Molecular Basis for Persistence of Botulinum Neurotoxin: The Role of Intracellular Protein Degradation Pathways

  • Yien Che Tsai
  • Brian E. Moller
  • Michael Adler
  • George A. Oyler
Part of the Current Topics in Neurotoxicity book series (Current Topics Neurotoxicity, volume 4)


A key aspect of botulinum neurotoxin biology, which underpins both the nature of botulism and the clinical success of therapeutic neurotoxin preparations, is the duration of effect of the neurotoxin on neurotransmitter release. There are seven different distinct serotypes of botulinum neurotoxins which exhibit a wide range in the duration of action or “persistence” after intoxications. The biological basis of persistence is beginning to be understood. One mechanism which underpins the duration of neurotoxin activity is survival of the light chain within the presynaptic terminal of the intoxicated neuron. For the neurotoxin light chain to remain in the presynaptic terminal maintaining the intoxication state, the bacterial protein must evade the two major pathways for cellular protein degradation, the ubiquitin–proteasome system degradation and the lysosomal/autophagy mechanism. A role for substrate cleavage products in persistence has also been suggested in perpetuating the intoxication state. These various ideas and the evidence for and against them are reviewed. The opportunity to modify the persistence of the neurotoxin and its therapeutic potential is also considered.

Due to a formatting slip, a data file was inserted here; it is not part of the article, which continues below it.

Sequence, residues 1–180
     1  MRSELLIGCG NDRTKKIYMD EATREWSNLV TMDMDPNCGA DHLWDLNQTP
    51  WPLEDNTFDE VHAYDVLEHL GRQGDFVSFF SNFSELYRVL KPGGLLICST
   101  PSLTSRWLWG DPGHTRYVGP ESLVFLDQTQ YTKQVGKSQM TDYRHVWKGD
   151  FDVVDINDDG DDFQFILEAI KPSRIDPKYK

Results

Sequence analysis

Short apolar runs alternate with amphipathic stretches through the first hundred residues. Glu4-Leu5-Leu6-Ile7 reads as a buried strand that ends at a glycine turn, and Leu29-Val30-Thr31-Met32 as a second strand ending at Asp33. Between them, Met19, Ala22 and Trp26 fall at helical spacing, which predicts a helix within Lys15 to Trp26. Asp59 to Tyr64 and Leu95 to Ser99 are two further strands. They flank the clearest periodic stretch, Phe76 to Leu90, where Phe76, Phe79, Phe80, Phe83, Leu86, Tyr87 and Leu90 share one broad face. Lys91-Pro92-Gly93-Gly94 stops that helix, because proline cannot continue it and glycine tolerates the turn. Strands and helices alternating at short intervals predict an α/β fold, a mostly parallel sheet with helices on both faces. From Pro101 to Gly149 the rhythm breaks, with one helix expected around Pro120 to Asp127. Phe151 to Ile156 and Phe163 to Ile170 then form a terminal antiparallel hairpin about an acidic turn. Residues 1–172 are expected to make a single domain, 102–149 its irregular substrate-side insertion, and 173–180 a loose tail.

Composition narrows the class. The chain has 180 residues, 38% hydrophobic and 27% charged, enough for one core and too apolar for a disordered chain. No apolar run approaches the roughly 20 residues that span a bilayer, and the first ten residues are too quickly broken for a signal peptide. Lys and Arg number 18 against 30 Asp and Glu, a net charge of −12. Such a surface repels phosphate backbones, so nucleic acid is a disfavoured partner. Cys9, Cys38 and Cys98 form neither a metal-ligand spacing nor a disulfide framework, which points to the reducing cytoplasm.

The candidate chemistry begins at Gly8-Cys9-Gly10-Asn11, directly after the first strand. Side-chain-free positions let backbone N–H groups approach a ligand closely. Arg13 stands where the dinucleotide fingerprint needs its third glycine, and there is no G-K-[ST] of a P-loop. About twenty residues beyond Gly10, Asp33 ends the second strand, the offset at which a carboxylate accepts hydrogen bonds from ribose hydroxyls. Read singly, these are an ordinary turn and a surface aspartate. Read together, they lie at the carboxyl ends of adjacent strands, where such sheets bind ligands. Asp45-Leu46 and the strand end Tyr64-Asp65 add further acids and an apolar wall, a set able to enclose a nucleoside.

Bioterrorism Botulinum neurotoxin Ubiquitination Deubiquitination Persistence 



This research was supported in part by the Defense Threat Reduction Agency—Joint Science and Technology Office, Medical S & T Division (MA, BEM, GAO). Research in LPDS is supported by the National Cancer Institute (NCI) and the National Institutes of Health (NIH) Intramural Research Program (YCT).

Disclaimer: The views expressed in this chapter are those of the authors and do not reflect the official policy of the Department of Army, Department of Defense, or the US Government.


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Copyright information

© Springer New York 2014

Authors and Affiliations

  • Yien Che Tsai
    • 1
  • Brian E. Moller
    • 2
  • Michael Adler
    • 2
  • George A. Oyler
    • 3
    • 4
  1. 1.Laboratory of Protein Dynamics and Signaling, National Cancer Institute, Center for Cancer ResearchNational Institutes of HealthFrederickUSA
  2. 2.Neurobehavioral Toxicology Branch, Analytical Toxicology Division, U.S. Army Medical Research Institute of Chemical DefenseAberdeen Proving GroundAberdeenUSA
  3. 3.Synaptic Research LLCBaltimoreUSA
  4. 4.University of Nebraska-LincolnLincolnUSA

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